.\PublicFolderToMailboxMapGenerator.ps1 10000 c:\pfmigration\statistics.csv c:\pfmigration\MapPath.csv

The MapPath.csv file will contain the number of public folder mailboxes (TargetMailbox) that are required to house all your legacy public folder data based on the item counts and sizes that the c:\pfmigration\statistics.csv file recorded. If all your legacy public folder data exceeded the max size specified above then you will see in the MapPath.csv file will reflect multiple public folder database names. I went into the MapPath.csv file and changed the name to PFMailbox1 for a preferred naming convention. For my small lab there will only be one public folder mailbox created.

From an Exchange 2013 mailbox server we will need to create the public folder mailboxes specified (TargetMailbox) in the MapPath.csv file. If you do not use the same names (TargetMailbox) then the migration will fail. In my lab I will create one public folder mailbox called PFMailbox1.

New-Mailbox –PublicFolder PFMailbox1 –HoldForMigration:$true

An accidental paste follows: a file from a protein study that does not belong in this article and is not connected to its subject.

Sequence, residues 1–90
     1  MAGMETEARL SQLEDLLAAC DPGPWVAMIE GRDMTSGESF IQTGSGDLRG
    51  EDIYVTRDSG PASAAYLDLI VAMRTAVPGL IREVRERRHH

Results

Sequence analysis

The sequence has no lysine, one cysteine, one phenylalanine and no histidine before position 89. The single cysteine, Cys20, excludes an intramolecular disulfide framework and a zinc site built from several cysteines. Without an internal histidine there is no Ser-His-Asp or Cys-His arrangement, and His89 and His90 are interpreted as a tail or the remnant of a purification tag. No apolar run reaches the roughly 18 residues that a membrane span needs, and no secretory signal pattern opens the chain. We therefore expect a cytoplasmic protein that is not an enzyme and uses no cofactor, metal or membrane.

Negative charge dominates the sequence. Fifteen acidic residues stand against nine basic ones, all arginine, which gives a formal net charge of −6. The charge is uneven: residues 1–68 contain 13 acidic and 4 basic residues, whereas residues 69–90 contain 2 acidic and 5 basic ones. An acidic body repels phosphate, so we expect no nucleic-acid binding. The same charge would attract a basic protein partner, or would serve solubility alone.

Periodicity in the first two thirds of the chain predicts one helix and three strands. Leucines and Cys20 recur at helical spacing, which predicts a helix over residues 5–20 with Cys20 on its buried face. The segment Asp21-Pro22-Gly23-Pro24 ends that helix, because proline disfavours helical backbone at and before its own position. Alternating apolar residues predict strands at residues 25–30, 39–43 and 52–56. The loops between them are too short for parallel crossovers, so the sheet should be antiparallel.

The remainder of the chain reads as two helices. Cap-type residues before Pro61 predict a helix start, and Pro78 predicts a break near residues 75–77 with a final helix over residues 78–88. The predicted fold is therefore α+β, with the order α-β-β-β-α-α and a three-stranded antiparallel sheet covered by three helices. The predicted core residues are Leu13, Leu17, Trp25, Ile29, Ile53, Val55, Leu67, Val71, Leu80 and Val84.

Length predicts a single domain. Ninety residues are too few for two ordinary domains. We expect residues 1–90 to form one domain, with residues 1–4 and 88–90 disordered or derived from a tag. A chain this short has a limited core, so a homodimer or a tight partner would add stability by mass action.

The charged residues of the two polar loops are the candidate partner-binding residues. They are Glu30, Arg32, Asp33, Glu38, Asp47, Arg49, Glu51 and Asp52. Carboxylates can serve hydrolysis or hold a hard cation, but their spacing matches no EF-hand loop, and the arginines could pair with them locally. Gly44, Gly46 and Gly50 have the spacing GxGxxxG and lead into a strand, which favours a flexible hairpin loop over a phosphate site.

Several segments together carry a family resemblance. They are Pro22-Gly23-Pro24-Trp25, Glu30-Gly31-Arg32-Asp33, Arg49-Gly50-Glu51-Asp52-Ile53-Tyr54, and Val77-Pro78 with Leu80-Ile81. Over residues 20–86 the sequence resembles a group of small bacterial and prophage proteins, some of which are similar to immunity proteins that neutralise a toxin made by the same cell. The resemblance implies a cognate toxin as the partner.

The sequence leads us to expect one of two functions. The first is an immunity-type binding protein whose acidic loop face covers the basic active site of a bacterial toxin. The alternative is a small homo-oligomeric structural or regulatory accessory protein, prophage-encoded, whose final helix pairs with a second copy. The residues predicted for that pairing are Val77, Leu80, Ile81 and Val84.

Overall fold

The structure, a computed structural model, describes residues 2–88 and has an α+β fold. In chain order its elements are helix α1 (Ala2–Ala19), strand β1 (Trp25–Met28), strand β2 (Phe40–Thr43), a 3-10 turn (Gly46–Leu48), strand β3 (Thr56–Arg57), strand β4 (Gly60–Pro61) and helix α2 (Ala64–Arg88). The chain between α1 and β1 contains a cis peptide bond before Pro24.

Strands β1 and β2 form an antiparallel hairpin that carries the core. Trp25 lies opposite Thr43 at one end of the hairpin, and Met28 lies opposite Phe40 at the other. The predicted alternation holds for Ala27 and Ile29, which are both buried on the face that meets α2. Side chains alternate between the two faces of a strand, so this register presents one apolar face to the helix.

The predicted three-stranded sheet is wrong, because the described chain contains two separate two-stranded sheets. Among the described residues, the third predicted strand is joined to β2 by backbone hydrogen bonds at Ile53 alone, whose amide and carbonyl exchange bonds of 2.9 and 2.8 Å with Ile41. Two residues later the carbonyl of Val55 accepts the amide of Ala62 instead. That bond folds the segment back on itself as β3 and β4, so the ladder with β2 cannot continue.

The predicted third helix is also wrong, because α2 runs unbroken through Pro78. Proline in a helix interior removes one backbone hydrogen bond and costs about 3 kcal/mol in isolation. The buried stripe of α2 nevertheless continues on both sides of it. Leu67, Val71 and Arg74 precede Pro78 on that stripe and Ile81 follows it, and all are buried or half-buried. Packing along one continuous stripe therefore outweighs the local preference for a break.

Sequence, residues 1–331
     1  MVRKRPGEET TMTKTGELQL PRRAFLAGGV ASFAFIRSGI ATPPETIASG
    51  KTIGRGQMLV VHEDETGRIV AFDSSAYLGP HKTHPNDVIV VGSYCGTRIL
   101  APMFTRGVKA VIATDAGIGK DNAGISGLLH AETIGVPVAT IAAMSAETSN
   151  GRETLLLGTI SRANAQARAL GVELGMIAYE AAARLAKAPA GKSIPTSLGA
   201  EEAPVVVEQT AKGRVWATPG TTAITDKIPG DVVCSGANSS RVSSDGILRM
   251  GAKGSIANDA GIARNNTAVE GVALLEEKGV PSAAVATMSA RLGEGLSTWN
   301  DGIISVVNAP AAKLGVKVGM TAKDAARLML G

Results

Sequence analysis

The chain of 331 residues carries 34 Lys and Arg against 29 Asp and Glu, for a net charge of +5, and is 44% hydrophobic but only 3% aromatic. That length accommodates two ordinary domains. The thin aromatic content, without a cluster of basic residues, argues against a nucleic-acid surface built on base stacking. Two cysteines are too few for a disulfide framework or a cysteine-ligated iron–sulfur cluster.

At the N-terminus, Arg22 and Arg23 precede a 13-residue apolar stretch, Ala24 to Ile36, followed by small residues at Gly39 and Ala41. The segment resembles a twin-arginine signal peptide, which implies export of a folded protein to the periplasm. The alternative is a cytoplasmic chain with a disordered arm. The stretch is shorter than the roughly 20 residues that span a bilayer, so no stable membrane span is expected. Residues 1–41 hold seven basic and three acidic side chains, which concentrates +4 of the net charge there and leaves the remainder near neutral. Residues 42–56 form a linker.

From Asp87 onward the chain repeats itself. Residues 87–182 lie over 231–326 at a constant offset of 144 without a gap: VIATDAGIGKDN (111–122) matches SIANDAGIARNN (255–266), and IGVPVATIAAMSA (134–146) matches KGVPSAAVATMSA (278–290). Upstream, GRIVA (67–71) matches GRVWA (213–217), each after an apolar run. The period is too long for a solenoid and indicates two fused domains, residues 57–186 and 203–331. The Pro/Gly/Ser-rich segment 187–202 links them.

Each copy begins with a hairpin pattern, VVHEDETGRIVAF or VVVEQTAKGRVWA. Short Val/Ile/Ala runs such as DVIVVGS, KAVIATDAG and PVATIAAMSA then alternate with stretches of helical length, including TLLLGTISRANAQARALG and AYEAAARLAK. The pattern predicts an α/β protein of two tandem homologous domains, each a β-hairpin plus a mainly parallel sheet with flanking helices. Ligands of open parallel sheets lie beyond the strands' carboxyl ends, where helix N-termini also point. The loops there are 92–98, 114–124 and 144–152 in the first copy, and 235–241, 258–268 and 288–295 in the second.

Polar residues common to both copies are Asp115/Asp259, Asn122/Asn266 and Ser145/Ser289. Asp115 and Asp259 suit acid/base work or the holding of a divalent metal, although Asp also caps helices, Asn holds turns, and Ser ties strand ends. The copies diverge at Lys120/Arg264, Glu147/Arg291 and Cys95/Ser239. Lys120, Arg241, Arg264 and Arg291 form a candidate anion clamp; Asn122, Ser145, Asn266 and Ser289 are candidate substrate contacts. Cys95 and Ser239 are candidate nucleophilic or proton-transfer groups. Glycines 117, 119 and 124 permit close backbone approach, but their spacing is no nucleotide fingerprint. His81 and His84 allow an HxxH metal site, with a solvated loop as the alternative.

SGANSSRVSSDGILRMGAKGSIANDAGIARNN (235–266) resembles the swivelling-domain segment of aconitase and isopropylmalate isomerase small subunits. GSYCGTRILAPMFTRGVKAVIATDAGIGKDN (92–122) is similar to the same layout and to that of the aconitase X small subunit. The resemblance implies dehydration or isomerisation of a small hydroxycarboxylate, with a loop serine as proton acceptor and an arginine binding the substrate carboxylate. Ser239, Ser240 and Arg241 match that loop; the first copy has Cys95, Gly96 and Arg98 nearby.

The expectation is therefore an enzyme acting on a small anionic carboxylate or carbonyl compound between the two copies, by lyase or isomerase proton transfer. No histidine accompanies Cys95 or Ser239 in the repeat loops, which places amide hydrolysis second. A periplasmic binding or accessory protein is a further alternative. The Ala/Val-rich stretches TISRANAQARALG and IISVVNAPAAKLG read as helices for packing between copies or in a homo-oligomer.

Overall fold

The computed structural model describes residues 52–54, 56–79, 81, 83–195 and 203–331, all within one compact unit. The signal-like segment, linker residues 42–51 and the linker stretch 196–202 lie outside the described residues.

The next step is to begin the migration process from the Exchange 2013 side. From an Exchange 2013 server we will run the command below. Take note that we will need to provide the unc path to the MapFile.csv file we created on the Exchange 2010 server.

New-PublicFolderMigrationRequest -SourceDatabase (Get-PublicFolderDatabase -Server srv2 -CSVData (Get-Content \\srv2\c$\PFMigration\MapPath.csv -Encoding Byte

Now we will need to check that Exchange has picked up the public folder migration request and has started to work on the copy. We will initially see the status set to “Queued.”

Get-PublicFolderMigrationRequest | Get-PublicFolderMigrationRequestStatistics -IncludeReport | Format-List

If you have GB’s or TB’s of public folder data to copy over to 2013 do not expect this process to complete quickly. In fact, go ahead and start making your plans for the weekend. This process takes awhile.

Tip From The Field: About half the time I get to this process the status will not change from “Queued” to “InProgress.” In my lab for instance, the migration request stayed in a “Queued” status for 6 hours. This is a problem since my lab only had several MB’s of data. The trick here is to restart the Microsoft Exchange Mailbox Replication Service. In my case after restarting the Microsoft Exchange Mailbox Replication Service the public folder request status promptly changed to “InProgress.”